I’VE always been a believer that bands, and not their fans, should dictate setlists, yet Placebo’s long-awaited return to Newcastle proved a challenge to that notion.
Admittedly, there was a hefty pinch of sentiment involved.
Edgy, angst-ridden and lust-fueled, Brian Molko’s group were one of the key cogs of my early forays into music, with their 2007 appearance in Montreux still ranking among my most vivid live memories.
Throw a couple of decidedly iffy recent records into the mix, and it’s fair to say I approached Wednesday’s show at the O2 Academy with a clear sense of what I did - and, more pertinently, didn’t - want to hear.
Unfair? Yeah probably, but that’s what nostalgia does to you.
Anyway, for all their creative toils, it’s clear the continent isn’t the only place the current duo (expanded to a live six-piece) retain their pulling power, with this first North East appearance in nine years selling out well in advance.
And yet, despite the packed crowd, the atmosphere for the most part was somewhat flat; as fans faced up to a set heavy on undistinguished, workman-like newer numbers.
It’s not that they didn’t know the songs - latest album Loud Like Love has, after all, been out for the best part of two years - but rather that the majority are average, compared with what went before.
You could almost feel relief sweep the room with the onset of Special Needs and I Know, yet even classics such as these failed to catch fire, such was the mediocrity with which they were swamped.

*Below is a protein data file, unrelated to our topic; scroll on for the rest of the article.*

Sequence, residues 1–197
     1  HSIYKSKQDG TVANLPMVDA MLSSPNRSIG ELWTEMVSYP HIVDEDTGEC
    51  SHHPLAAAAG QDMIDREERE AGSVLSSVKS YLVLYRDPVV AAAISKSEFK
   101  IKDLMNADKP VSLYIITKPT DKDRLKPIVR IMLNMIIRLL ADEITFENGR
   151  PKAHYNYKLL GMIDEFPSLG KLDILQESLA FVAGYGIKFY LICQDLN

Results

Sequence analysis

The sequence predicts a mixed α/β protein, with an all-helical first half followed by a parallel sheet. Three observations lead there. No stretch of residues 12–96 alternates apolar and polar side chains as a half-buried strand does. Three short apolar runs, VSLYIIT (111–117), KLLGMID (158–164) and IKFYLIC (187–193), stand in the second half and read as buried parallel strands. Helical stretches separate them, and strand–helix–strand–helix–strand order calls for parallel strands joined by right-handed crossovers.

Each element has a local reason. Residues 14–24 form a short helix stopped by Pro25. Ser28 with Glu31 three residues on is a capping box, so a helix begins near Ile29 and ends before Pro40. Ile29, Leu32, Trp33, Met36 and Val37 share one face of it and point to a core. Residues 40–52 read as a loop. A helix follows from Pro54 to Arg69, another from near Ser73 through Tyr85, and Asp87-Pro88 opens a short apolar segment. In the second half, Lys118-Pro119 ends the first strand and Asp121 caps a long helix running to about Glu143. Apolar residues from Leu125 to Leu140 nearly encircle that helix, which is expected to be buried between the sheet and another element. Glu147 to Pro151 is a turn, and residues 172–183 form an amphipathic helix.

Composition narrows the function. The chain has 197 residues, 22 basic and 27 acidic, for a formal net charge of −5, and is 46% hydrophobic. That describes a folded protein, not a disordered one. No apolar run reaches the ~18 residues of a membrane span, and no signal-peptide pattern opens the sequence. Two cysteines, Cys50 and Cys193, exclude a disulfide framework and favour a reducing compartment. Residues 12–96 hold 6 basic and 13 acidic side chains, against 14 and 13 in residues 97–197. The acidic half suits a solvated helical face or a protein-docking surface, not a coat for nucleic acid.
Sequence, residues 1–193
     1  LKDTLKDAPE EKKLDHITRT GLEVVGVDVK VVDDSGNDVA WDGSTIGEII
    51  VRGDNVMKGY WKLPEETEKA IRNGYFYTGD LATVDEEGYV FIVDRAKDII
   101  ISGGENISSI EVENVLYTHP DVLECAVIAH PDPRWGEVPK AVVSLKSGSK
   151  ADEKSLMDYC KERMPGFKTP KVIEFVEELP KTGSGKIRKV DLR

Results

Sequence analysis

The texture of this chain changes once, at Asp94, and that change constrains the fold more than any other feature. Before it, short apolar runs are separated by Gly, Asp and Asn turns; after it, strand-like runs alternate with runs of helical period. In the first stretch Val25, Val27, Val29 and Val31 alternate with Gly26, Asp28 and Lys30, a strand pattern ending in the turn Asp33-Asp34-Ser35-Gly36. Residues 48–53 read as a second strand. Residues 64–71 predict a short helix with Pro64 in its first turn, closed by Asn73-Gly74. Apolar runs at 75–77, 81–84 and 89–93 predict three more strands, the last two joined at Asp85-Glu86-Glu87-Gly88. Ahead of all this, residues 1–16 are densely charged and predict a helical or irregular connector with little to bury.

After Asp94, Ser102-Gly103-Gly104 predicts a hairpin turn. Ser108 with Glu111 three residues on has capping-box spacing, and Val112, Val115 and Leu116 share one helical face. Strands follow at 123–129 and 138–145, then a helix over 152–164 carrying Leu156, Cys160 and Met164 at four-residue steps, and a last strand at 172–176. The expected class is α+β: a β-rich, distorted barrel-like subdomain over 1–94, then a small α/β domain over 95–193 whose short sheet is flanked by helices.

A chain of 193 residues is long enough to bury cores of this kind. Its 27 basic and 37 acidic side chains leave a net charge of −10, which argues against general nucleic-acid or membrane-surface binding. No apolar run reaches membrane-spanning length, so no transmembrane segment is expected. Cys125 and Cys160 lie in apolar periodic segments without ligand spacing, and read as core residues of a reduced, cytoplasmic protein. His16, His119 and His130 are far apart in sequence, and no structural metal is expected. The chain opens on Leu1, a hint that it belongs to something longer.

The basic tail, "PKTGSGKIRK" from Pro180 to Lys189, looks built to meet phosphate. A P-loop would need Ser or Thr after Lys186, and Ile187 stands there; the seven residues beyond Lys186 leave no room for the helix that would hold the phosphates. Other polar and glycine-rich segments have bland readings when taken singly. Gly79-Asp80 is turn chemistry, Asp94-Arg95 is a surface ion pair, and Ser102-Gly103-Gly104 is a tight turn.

Indeed, it wasn’t until Song To Say Goodbye - 15 tracks in - that they finally seemed to get going, with its urgency surging through to Special K (by some way the best song of the night) and the terrific Bitter End.
It was a flurry which ignited an otherwise disappointing night - and even that proved all too brief, as the conclusion of the main set pulled the plug on that momentum.
Even an encore of their version of Kate Bush’s Running Up That Hill couldn’t rescue the sense of deflation.
Rather than heading home recalling the great songs they played, I left reflecting on those they didn’t: the likes of Nancy Boy, Pure Morning, and Taste In Men.
Who knows; maybe if I’d come with no prior knowledge of their catalogue I’d have felt differently.
Maybe I’d even have taken a semblance of enjoyment from the likes of Too Many Friends and For What It’s Worth. Maybe ... but somehow I doubt it.